Photo by Laura Fitzgerald 

By Laura Fitzgerald, For The Miami Student

Miami University’s Hillel Jewish organization is putting on a CrossFit event to honor veterans and raise money and awareness for hunger.

The CrossFit event, set tentatively for April 8 at Millett and Yeager Stadium, is called a MurphOut, in honor of Michael P. Murphy — a recipient of the Purple Heart and the Medal of Honor in Afghanistan. The event is named after the specific workout that was developed by CrossFit Inc. as a tribute to the veteran, Rabbinical Fellow Aaron Rozovsky said.

Rovosky said Hillel has also talked to other organizations about involvement in the event such as ROTC and Alpha Epsilon Pi and has contacted diversity affairs.

“We’re reaching out to as many people as possible,” Rovosky said.

The other goal of the event is to raise awareness for the weekly Challah for Hunger sale, Rovosky said. Challah for Hunger is a bake sale of challah, traditional Jewish braided bread.

About six times a semester, between five and 15 students volunteer on Thursdays to bake bread and sell it the next morning at Hillel’s Arthur Beerman Student building, located at 11 E. Walnut St. All proceeds go to the Oxford Community Food Bank, Cincinnati Meals on Wheels and Mazon, a hunger advocacy group, sophomore marketing intern Alyssa Williams said.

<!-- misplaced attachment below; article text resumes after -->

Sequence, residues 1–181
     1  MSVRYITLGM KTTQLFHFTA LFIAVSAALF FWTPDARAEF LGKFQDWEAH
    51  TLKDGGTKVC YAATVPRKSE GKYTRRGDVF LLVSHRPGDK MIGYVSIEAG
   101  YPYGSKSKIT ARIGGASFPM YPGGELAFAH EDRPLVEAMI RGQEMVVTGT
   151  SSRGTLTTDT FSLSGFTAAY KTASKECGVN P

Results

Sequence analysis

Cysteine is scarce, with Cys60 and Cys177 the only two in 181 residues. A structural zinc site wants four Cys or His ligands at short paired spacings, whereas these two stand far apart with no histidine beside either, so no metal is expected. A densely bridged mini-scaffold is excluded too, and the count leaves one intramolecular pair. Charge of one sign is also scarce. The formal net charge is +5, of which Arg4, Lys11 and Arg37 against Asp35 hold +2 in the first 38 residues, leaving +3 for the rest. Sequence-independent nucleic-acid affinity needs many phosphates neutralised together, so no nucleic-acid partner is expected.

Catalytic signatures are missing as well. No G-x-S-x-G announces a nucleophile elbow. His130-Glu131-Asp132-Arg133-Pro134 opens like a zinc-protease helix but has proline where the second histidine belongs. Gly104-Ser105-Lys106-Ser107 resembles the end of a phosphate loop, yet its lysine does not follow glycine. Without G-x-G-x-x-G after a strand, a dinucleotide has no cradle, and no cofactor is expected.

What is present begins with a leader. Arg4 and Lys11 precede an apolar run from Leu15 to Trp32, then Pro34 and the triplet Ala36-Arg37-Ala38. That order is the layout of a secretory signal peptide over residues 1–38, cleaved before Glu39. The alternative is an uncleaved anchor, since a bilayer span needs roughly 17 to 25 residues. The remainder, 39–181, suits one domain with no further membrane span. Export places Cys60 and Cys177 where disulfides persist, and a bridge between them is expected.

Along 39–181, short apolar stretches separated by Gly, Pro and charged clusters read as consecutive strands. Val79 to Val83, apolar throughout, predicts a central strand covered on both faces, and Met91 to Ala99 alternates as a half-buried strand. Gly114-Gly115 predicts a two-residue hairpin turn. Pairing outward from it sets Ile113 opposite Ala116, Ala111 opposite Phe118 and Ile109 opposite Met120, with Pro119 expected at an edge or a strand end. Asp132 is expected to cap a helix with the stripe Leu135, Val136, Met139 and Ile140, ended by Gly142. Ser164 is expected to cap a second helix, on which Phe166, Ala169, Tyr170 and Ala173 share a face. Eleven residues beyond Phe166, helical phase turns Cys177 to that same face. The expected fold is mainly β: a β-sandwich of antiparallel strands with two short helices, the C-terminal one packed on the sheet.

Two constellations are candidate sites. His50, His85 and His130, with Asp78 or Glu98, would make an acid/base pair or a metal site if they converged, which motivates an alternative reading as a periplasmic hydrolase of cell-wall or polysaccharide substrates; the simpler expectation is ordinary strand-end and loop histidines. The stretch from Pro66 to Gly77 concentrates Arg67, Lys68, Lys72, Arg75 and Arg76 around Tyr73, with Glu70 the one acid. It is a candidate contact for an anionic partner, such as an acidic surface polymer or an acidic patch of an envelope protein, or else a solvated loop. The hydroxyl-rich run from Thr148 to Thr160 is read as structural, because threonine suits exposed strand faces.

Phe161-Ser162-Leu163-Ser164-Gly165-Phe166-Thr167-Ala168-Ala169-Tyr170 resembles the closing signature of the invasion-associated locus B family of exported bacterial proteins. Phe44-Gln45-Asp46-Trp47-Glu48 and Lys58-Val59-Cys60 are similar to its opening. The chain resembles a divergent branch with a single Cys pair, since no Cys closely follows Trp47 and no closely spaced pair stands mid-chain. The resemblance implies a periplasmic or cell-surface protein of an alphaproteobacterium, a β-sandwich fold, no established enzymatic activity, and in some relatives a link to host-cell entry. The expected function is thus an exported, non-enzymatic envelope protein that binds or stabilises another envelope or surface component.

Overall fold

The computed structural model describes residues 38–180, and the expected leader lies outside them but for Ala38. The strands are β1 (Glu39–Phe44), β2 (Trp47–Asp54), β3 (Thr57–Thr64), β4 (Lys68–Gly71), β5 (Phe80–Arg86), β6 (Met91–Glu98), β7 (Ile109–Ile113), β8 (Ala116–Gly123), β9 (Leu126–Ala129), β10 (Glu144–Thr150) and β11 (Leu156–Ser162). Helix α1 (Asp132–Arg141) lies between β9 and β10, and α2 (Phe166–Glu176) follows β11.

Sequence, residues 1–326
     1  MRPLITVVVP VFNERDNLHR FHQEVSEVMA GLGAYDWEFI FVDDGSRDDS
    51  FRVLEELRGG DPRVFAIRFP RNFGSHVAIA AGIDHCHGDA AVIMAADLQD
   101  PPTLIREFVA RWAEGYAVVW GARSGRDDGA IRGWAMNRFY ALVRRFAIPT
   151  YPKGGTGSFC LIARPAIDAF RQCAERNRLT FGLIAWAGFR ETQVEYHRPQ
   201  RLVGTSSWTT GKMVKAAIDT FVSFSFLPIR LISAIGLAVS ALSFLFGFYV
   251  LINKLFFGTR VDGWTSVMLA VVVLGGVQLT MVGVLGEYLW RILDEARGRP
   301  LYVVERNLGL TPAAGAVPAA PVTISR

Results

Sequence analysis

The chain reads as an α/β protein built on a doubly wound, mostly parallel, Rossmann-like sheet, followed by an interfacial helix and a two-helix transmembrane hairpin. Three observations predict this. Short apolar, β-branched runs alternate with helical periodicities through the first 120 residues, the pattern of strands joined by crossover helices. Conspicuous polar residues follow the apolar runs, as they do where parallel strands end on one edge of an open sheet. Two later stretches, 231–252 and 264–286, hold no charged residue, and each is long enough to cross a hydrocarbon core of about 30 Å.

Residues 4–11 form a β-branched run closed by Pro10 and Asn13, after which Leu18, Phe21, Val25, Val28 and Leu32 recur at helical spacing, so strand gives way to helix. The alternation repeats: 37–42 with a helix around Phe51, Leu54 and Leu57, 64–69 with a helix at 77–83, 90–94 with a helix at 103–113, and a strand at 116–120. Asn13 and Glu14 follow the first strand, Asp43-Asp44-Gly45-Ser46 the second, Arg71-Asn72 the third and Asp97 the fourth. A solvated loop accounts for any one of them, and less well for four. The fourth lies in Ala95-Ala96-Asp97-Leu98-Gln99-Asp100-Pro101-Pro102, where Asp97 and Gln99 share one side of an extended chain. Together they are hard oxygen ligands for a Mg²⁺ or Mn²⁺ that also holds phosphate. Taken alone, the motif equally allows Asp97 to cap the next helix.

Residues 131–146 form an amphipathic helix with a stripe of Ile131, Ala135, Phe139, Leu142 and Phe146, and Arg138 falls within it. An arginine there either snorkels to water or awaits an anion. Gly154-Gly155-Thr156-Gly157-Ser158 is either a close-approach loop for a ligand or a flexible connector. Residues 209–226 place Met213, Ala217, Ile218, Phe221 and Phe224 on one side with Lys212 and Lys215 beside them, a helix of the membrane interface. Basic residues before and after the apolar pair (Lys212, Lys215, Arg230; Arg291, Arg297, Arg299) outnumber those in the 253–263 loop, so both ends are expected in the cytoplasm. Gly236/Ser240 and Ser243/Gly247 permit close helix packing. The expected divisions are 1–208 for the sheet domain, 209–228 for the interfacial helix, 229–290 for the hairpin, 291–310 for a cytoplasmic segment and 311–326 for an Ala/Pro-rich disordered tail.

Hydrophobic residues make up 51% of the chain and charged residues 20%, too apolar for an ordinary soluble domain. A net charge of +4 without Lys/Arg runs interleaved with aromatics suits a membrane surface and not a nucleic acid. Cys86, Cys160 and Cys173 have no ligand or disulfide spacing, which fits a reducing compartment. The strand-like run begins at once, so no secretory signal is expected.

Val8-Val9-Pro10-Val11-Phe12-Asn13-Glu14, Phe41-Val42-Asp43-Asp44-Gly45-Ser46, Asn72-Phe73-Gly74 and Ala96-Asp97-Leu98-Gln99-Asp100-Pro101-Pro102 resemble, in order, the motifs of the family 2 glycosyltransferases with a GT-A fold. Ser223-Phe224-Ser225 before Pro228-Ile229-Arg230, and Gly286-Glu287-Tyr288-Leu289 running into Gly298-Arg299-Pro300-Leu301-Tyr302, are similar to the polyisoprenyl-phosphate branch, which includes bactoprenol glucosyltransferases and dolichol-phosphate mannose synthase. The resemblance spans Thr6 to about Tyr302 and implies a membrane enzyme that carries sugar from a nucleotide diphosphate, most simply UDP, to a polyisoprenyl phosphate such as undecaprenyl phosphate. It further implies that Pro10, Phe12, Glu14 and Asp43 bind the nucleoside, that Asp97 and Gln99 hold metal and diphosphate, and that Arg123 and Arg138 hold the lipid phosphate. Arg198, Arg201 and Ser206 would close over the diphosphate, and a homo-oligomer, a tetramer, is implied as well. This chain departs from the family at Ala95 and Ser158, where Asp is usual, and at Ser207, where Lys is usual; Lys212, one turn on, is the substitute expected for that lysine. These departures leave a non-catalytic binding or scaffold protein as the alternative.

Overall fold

Religious Vice President of Hillel junior Ryan Fuldauer said that as of last fall, Challah for Hunger has raised about $1,500 total, or about $500 a semester. This is its third year.

“I love doing it and I always have a reason to do it and knowing that the money goes …

to a good cause is a positive for me,” Fuldauer said.

Buyers can donate as much or as little as they want, but the recommended price for a loaf of bread is $5, Fuldauer said.

“And, volunteers will teach students new to challah baking how to bake the bread,” Fuldauer said.

Hillel does other events throughout the year, such as weekly dinners and pink Shabbat, an event that raises awareness for breast cancer.

Hillel also provides social, cultural and religious resources and events for non-Jewish and Jewish students alike, Fuldauer said.

According to Williams, there are approximately 1,000 Jewish students on Miami’s campus.

“We work to provide a safe place for Jewish students and non-Jewish students,” Faulder said. “Anyone is welcome.”

Fuldauer said Hillel caters to all degrees of Judaism, from those who identify as cultural Jews to those that are very religious.

“The Hillel kids who attend regularly are very devoted to what they do and what they believe,” Williams said. “It’s a good community. They’re very tight knit.”

Hillel also provides cultural opportunities for non-Jewish students. RA’s have come to fulfill cultural requirements and Asian students have come to experience a different culture.

“It provides people with a different cultural experience in a way that they feel like they’re not going to be asked to join that culture,” Fuldauer said.